A Parisian man with big hair and a parrot, a famous cult author, did this book La Disparition, a sort of whodunit which was also brought out in Britain in a rough but amusing translation as A Void. In La Disparition you originally found such classic Gallic works as ‘Cats’, ‘Chill Out, My Sorrow’ (or ‘Taking Stock’, if you wish), and ‘Sailor’s Wind’, all by two famous Symbolist bards; and most notably Victor Hugo’s ‘As Boaz was Dozing’; but always with this singular constraint. In A Void, our skilful British translator Mr G Adair, off his own bat, put in works that you’d find in any British anthology — ‘Ozymandias’, ‘Milton on his Glaucoma’ and so on, again rigidly following a lipogrammatic modus laborandi.
I saw how it was, and you might say I took ship straight back to Calais! My own translations match all of La Disparition’s originals, still in lipogrammatic form. This poignant posy is by un grand maudit, initials CB, ‘a son by adoption of Commandant Aupick’.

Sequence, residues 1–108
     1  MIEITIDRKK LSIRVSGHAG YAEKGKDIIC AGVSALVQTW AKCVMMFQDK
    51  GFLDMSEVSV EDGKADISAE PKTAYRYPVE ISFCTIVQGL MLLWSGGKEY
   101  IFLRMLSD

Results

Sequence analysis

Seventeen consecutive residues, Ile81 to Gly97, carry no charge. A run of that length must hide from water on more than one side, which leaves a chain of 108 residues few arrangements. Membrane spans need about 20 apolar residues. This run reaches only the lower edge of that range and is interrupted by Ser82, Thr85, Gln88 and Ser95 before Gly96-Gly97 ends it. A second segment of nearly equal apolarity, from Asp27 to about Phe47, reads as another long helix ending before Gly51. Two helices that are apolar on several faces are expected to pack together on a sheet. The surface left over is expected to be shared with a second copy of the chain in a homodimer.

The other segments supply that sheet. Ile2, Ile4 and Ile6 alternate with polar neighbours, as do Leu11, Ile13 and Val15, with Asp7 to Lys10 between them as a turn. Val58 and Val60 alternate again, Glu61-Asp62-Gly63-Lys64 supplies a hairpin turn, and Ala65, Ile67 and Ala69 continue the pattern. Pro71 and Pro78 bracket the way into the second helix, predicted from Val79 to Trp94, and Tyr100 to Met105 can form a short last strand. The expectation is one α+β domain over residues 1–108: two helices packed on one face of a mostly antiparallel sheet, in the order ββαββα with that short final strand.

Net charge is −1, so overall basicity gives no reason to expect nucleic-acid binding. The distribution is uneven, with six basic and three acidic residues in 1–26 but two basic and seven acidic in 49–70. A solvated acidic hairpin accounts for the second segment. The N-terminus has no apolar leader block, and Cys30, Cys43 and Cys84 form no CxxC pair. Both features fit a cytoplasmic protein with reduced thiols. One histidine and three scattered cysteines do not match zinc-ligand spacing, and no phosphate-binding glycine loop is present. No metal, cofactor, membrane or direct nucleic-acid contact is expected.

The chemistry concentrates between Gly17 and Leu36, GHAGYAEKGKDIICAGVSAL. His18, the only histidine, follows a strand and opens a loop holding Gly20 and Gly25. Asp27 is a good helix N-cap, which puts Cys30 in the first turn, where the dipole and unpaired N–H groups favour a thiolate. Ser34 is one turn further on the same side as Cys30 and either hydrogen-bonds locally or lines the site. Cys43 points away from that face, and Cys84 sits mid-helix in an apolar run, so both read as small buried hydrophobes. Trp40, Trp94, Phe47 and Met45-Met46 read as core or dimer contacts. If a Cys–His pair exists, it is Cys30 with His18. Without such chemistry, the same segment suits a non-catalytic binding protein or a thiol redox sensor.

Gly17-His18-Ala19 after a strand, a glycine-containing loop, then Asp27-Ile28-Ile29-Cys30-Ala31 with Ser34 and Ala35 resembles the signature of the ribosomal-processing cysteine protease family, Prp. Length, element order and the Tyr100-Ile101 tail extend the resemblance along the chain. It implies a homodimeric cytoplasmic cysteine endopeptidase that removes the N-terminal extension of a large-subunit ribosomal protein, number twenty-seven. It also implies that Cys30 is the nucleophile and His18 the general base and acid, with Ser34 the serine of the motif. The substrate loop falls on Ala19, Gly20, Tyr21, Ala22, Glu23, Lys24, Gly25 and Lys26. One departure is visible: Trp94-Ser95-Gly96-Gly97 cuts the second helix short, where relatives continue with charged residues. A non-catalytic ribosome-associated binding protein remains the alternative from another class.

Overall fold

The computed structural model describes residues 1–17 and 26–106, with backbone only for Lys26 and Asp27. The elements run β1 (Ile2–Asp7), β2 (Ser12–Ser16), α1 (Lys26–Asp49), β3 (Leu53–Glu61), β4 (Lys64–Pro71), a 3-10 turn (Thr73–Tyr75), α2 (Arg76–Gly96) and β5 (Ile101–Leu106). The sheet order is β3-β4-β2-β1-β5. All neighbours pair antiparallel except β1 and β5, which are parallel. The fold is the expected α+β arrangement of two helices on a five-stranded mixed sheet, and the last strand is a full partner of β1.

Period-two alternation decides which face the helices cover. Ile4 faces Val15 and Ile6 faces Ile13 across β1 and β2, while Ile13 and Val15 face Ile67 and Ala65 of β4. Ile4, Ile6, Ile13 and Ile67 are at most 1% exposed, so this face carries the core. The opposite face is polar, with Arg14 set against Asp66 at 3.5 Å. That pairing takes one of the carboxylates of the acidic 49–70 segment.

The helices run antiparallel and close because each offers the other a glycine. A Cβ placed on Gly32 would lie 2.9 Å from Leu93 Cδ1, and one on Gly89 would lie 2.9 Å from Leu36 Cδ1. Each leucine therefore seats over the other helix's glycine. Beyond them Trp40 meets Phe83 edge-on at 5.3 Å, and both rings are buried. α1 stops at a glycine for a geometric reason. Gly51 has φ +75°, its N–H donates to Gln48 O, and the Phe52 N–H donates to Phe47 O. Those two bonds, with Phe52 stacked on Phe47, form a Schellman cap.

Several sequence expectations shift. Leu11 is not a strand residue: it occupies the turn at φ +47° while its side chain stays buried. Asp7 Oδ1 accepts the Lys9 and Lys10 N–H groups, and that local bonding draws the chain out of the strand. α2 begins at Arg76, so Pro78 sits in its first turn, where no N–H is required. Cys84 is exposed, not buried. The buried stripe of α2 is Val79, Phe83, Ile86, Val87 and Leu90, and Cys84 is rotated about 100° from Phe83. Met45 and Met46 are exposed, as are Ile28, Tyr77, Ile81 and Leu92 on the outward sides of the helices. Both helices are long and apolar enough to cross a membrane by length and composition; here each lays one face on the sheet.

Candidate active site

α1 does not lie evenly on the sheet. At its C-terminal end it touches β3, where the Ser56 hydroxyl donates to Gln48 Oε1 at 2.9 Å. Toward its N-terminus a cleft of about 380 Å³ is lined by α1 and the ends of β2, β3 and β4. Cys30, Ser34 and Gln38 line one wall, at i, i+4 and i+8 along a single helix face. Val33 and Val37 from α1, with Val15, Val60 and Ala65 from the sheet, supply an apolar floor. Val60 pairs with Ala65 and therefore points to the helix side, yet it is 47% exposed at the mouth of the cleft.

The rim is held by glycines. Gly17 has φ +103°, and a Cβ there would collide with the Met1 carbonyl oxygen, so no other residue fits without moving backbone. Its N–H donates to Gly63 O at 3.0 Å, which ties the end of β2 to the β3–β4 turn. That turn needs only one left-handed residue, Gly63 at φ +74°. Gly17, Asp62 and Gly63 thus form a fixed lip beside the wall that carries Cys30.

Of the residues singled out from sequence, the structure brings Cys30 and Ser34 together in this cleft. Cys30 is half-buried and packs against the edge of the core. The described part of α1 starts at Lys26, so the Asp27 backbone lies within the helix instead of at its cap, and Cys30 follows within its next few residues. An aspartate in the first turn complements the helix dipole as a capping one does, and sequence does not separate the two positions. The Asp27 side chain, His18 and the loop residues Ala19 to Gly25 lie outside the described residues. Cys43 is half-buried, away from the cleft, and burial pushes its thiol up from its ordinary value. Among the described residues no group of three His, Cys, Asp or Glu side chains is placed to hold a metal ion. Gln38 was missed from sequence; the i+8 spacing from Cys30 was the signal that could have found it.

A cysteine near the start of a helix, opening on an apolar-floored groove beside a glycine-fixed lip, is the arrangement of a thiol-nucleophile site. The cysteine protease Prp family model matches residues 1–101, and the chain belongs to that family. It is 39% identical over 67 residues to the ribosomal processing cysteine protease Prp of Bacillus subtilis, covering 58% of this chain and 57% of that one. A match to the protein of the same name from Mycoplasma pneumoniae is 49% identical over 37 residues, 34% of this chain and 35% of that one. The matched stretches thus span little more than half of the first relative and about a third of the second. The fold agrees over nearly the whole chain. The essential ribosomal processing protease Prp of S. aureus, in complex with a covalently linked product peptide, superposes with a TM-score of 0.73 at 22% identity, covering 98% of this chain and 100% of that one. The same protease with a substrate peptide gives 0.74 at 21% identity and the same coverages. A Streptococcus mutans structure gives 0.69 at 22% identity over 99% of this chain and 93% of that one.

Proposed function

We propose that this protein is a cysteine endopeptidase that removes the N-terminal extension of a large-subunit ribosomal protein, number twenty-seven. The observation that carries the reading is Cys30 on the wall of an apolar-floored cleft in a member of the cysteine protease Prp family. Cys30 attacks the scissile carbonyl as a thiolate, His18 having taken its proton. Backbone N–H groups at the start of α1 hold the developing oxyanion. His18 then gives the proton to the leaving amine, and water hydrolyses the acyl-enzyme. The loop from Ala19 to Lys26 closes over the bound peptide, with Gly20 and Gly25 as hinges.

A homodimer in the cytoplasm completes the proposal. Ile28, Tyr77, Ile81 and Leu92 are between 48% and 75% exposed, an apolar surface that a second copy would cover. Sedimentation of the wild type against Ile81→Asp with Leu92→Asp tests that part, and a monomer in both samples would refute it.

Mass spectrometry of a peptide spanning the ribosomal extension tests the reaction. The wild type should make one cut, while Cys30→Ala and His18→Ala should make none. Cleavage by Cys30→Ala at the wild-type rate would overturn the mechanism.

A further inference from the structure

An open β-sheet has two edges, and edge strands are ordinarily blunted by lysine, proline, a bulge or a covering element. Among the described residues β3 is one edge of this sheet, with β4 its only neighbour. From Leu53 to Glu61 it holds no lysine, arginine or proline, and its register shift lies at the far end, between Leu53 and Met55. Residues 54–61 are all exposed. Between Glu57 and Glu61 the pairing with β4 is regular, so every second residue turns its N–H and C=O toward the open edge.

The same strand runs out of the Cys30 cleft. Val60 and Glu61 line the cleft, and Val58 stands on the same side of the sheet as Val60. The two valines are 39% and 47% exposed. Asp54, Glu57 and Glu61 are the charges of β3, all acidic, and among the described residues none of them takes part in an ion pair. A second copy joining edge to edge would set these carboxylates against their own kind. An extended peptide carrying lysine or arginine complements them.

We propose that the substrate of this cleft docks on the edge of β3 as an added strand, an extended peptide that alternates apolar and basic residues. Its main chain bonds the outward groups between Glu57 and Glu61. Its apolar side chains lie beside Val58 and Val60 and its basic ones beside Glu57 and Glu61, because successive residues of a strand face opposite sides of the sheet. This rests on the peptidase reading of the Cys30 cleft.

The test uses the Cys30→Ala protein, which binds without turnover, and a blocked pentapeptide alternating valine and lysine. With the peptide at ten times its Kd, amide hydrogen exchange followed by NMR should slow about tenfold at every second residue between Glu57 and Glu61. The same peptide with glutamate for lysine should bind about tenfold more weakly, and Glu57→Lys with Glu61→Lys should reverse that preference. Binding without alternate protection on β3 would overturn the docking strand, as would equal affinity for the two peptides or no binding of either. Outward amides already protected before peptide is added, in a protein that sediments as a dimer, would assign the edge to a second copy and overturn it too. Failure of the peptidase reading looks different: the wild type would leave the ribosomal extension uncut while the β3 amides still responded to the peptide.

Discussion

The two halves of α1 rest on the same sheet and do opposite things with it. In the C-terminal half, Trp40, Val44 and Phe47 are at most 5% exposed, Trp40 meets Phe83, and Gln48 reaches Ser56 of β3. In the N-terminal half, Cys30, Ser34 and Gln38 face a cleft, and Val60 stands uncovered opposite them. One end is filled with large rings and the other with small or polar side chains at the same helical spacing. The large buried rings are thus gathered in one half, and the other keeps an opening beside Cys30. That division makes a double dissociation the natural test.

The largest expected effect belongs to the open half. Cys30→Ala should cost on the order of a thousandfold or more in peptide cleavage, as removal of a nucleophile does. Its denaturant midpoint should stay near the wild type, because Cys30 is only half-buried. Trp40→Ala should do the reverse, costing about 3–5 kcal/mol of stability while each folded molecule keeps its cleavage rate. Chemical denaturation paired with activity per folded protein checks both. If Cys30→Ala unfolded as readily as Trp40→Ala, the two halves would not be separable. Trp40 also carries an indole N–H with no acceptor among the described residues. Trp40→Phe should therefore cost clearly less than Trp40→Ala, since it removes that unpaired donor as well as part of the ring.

Chill Out, My Sorrow
translation by T.A.
Chill out, my sorrow: play it cool: calm down:
You said night ought to fall; you got your way.
Twilight cuts in: dusk sinks upon our town,
Doling out consolation or dismay.
Lust cracks his whip, that hangman void of pity;
Most of humanity, a vulgar throng,
Will wallow, and will blush for doing wrong.
My sorrow, hold my hand: now, quit this city:
Stand by. A rack of gowns that could not last,
Lining an upstairs rail: that is our past:
Smiling contrition in salt surf is born;
Sunlight is fading, dying in an arch.
Think of a long shroud trailing off to dawn:
Hark, darling! Night kicks into forward march.
Published in MPT, vol 8, 1995. For all this group of lipograms (Baudelaire Les Chats, Recueillement, Correspondances; Mallarmé Brise Marine; Rimbaud Voyelles; Hugo Booz Endormi), go to www.brindinpress.com. I am easily found under Translators.